Ruppersberger said, in the wake of the administration's revelation that the intelligence community believes Assad’s regime likely used chemical weapons twice recently, U.S. officials are considering options such as directly arming rebel fighters and setting up a no-fly zone to keep regime war planes and strike helicopters grounded.
Sherman added to that list “supporting refugees” and “cash for opposition groups.”
“I’m not going into anything classified when I say the secretary laid out what some of those options would be,” Sherman said. He added “I cannot say, ‘It has been proven beyond a reasonable doubt — yet — that these weapons were used ... by forces loyal to Assad’.”
Lawmakers were uncharacteristically united about what a no-fly zone would look a lot like the 2011 U.S.-led — and later turned over to NATO — mission in Libya. “Like we did in Libya, we got the Arab League involved, we got NATO involved,” Ruppersberger said. “I don’t think we, the United States, want to go into another war.”
But Pelosi said “it is pretty clear” that “this is not Libya.” That’s because “the Syrians have anti-aircraft systems” and other modern weaponry “that would make going in there much more challenging.
Sherman also raised concerns about Syria air-defense systems. The administration would be wise to realize a no-fly zone would not be a “no-casualties option.”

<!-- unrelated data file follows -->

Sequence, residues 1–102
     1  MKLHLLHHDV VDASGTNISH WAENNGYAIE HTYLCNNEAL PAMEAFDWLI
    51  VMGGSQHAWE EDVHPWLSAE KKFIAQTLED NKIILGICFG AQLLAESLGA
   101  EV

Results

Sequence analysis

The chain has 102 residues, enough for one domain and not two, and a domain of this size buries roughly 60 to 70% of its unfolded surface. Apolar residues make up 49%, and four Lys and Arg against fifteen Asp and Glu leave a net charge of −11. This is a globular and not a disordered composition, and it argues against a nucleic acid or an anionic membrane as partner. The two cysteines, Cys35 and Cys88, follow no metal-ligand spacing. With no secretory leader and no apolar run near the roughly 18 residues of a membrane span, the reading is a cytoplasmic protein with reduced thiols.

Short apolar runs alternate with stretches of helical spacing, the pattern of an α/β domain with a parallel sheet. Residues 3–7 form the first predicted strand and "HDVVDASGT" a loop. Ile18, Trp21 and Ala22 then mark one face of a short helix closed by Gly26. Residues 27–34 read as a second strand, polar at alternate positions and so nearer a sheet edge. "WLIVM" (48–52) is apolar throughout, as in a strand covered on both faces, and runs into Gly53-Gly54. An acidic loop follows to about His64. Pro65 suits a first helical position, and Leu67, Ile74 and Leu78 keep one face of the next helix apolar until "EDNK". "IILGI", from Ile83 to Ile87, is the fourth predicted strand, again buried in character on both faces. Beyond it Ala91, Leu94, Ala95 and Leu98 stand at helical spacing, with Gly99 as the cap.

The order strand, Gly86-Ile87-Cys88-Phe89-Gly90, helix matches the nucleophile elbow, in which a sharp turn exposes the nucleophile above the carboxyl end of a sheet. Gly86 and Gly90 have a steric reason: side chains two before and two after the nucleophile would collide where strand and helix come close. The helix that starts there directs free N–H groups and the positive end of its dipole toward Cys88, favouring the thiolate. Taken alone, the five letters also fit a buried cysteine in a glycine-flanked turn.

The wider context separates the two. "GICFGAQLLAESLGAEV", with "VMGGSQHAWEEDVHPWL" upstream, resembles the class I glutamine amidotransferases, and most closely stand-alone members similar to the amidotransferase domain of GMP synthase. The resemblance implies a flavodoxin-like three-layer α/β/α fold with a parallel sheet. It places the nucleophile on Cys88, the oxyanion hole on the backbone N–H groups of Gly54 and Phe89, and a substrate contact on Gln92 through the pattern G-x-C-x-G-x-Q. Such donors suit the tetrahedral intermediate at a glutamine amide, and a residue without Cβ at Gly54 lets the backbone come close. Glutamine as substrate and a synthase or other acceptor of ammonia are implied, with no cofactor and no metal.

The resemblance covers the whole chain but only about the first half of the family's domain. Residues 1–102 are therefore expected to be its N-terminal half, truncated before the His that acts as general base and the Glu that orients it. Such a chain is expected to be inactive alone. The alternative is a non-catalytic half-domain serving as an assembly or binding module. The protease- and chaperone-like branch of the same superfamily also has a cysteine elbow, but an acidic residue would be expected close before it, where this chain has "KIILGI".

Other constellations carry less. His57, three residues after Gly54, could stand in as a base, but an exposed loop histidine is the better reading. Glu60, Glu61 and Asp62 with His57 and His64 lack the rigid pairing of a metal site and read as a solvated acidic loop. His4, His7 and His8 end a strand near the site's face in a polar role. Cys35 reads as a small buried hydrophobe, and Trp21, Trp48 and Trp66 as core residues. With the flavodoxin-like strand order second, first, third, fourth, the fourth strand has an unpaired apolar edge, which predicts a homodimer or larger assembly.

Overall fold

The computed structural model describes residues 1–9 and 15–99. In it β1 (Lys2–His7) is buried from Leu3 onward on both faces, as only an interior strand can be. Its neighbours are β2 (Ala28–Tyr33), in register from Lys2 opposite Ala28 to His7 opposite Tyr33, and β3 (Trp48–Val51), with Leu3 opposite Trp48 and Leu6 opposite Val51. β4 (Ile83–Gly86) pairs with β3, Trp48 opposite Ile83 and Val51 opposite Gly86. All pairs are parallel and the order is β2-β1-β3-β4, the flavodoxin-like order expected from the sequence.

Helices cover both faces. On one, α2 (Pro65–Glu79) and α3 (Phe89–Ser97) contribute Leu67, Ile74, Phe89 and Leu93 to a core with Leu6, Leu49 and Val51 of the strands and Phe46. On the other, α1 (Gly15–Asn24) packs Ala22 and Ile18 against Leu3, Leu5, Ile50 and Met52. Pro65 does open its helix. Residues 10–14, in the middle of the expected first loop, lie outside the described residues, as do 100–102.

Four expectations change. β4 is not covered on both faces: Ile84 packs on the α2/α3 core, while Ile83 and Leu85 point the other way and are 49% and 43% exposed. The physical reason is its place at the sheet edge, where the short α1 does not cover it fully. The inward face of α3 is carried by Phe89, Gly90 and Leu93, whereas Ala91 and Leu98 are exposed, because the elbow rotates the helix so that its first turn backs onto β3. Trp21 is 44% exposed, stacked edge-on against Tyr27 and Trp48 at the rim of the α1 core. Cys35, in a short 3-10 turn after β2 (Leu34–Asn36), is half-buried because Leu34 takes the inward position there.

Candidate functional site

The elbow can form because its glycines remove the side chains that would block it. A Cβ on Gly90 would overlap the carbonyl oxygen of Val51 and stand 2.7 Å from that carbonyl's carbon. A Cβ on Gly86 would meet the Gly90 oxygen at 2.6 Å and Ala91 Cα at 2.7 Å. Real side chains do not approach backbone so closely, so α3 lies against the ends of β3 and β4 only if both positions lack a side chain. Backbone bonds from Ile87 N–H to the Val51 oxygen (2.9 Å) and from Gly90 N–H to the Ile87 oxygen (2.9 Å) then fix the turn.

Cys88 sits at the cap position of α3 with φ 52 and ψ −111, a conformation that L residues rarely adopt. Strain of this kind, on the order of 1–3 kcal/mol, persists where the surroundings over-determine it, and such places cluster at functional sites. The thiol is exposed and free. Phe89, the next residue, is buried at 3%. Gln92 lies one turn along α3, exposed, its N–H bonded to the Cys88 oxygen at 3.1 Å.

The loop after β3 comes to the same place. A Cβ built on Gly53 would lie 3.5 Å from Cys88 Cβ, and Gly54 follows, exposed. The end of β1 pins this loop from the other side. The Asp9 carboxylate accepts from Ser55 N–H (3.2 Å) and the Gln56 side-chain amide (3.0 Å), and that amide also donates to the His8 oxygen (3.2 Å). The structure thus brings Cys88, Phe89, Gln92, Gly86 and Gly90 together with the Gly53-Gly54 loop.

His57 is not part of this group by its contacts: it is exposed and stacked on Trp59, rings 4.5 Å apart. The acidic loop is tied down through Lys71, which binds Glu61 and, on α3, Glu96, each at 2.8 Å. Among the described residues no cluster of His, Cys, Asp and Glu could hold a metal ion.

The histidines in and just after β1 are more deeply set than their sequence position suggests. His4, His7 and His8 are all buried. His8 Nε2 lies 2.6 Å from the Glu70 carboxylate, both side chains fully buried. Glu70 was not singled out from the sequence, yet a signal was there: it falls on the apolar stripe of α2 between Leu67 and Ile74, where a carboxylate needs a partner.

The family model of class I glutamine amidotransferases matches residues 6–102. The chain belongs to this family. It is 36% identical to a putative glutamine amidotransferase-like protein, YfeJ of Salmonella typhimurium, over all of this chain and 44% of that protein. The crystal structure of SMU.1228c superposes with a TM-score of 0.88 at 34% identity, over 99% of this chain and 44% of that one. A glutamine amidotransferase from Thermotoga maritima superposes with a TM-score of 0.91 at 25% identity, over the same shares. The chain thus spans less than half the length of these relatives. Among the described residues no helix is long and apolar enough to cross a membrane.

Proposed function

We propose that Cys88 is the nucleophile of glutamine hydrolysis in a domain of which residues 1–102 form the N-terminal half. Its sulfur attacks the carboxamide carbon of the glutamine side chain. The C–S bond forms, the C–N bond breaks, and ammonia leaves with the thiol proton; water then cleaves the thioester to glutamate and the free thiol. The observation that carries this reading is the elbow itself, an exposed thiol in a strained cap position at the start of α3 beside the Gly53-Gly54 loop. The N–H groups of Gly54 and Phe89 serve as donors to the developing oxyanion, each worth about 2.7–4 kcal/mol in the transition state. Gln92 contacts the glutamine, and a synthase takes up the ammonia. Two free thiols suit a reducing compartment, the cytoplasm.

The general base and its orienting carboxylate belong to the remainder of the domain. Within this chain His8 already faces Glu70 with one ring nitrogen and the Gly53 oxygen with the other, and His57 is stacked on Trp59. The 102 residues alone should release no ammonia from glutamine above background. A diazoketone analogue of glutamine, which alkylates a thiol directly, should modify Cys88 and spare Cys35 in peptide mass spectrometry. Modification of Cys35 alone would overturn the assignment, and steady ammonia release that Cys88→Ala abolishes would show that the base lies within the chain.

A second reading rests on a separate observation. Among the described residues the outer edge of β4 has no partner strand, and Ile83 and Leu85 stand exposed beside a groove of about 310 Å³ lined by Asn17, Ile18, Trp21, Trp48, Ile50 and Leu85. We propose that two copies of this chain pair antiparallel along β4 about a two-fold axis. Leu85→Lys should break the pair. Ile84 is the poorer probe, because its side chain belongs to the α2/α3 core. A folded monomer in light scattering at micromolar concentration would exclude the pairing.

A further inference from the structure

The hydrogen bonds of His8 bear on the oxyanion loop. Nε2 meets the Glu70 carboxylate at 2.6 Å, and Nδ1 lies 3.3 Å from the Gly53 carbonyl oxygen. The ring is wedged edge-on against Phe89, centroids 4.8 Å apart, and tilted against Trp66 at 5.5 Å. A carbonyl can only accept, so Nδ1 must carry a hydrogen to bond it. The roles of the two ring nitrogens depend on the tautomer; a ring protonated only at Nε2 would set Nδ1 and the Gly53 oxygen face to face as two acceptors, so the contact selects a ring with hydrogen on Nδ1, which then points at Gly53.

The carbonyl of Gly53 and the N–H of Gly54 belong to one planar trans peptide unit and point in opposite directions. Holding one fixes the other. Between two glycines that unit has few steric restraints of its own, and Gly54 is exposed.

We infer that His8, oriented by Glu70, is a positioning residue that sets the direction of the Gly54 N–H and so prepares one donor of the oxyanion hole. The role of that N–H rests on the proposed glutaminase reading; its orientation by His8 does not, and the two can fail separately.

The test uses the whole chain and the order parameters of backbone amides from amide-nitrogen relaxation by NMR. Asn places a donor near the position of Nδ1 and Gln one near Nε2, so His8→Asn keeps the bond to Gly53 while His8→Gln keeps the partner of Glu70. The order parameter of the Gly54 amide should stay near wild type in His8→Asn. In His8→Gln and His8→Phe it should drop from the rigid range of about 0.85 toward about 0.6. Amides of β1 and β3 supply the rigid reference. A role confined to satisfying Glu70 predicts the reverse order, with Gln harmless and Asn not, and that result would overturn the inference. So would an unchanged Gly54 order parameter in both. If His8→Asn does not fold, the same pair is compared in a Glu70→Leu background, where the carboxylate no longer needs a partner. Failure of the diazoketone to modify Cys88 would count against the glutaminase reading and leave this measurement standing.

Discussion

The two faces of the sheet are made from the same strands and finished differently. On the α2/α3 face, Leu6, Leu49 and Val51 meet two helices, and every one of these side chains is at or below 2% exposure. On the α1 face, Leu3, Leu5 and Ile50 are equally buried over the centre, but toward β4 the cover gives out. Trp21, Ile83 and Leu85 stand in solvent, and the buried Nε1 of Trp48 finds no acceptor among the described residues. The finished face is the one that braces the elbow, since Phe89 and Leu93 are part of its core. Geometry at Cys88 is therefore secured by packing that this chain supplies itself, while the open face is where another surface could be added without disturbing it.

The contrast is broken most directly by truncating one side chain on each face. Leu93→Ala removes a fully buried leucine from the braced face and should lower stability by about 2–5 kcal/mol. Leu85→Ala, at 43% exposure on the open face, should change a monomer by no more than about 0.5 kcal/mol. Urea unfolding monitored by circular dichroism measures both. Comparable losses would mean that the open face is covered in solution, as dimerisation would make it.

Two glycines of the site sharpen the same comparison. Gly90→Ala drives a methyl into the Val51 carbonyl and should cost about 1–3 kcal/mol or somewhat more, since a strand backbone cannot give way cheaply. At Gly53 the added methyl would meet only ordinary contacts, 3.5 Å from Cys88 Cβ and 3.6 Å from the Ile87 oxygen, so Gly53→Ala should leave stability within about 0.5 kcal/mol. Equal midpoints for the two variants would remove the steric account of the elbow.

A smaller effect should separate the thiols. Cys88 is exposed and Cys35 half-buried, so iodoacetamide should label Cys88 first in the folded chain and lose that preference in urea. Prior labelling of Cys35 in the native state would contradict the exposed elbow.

Rep. Darrell Issa, R-Calif., said U.S. officials should work with its allies on the no-fly zone, and several other issues.
“NATO, led by Turkey, could effectively set up the no-fly zones, the no-chemical weapons zones, the no-troops zones,” Issa said. “This is not a call to war, but reducing Bashar Assad’s ability to kill his own people.”
Several lawmakers told reporters the Obama administration must consider what would happen if it forms a coalition that eventually drives Assad from power.
“What happens after Assad leaves? That’s another thing we have to look at,” Ruppersberger said. “You [would] have issues with Israel, you have Turkey, you have Jordan.”
All are close U.S. allies in a region where Washington often has few dependable friends.
Issa was most upbeat about the post-Assad era, suggesting local officials could quickly fill the governance vacuum.
“Once you create safe havens where the U.N. agencies can go in to provide relief ... what you’ve really done is created the ability for local governance — for mayors, governors, and so on — to take responsibility in those areas,” Issa said.
There were few calls for Obama to seek congressional authorization for a Syria mission. He was widely criticized during the Libya operation for opting against doing so.
Ruppersberger urged Obama administration officials to press Moscow, Assad’s last lone powerful ally, to help force him out. “I think Russia’s involvement would be a game changer.”